Where does one draw the line between a catsup and a sauce? My personal definition is that if I want to dunk French fries in it, it’s a catsup. This hot little number is way more versatile than your standard bottled tomato catsup. It’s tangy, sweet, severely savory-killer on a chicken sandwich or with pork loin. Find a friend with a plum tree (thanks, Tom!) and you will have plums a-plenty to get this in gear.
Cooking Methodcanning, preserving
Total Timeunder 1 hour
Make Ahead RecipeYes
Dietary Considerationegg-free, gluten-free, halal, infant, kosher, lactose-free, peanut free, soy free, tree nut free, vegan, vegetarian
Taste and Texturefruity, spiced, sweet, tart
Type of DishCondiments
- 5 pounds black or red plums, preferably Santa Rosas
- 2 cups water
- 1 1/3 cups sugar
- 2/3 cup plus 2 tablespoons apple cider vinegar
- 6 tablespoons orange marmalade
- 1 large cinnamon stick
- 2 star anise
- 2 whole cloves garlic, peeled and lightly scored with the tip of a knife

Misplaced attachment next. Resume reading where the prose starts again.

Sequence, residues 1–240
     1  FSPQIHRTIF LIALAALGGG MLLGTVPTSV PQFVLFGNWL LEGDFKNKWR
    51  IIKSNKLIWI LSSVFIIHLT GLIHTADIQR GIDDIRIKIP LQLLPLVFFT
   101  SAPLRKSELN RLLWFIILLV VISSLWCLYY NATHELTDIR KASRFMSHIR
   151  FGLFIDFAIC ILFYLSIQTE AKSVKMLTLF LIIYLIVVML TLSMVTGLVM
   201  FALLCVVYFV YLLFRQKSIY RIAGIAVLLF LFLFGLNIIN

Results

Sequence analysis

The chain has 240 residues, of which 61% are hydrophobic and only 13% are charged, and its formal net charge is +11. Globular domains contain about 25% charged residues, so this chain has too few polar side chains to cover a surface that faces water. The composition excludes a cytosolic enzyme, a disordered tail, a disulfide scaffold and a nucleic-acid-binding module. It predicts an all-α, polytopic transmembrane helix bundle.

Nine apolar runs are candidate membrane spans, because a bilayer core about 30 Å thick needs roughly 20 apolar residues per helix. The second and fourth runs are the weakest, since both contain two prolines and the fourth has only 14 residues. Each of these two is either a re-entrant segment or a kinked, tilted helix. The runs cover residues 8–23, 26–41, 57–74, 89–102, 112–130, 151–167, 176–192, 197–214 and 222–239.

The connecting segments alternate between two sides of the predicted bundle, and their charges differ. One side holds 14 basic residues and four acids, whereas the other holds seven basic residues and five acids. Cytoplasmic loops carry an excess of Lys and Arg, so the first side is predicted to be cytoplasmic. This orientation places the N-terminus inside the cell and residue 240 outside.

- 4 teaspoons kosher salt
Wash and stem the plums and lay them in a single layer in the bottom of a large Dutch oven. Add the water. Cover and bring to a boil over high heat. Reduce the heat and simmer for 30 minutes, stirring occasionally to prevent the fruit from sticking to the pot. The skins will burst and the plums will release their juice and soften.
Remove the pot from the heat, uncover it, and let the fruit cool for about 5 minutes. Pour the plums into a heavy-duty sieve, a small-holed colander, or a food mill set over a large mixing bowl and push the plums through to render the juice and the pulp and to separate out the skins and the pits. Discard the skins and pits. Return the juice and the pulp to the pot and add the sugar, vinegar, marmalade, cinnamon, star anise, garlic, and salt.
Set the pot over high heat and bring it just to a boil. Lower the heat and simmer the mixture, uncovered, to reduce it, being careful not to let it splatter. Stir often, modifying the heat as needed to keep it at a slow simmer as the liquid reduces. Cook for about 35 minutes, until the mixture has thickened. Draw a spoon across the bottom of the pot; the mixture should be thick enough to part, expose the bottom of the pot, and then come back together again. Remove and discard the cinnamon, anise, and garlic. Pour the catsup into glass jars or bottles.
Kept refrigerated, this catsup will keep for up to 1 year. It can be served warm or cold.
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2011 Karen Solomon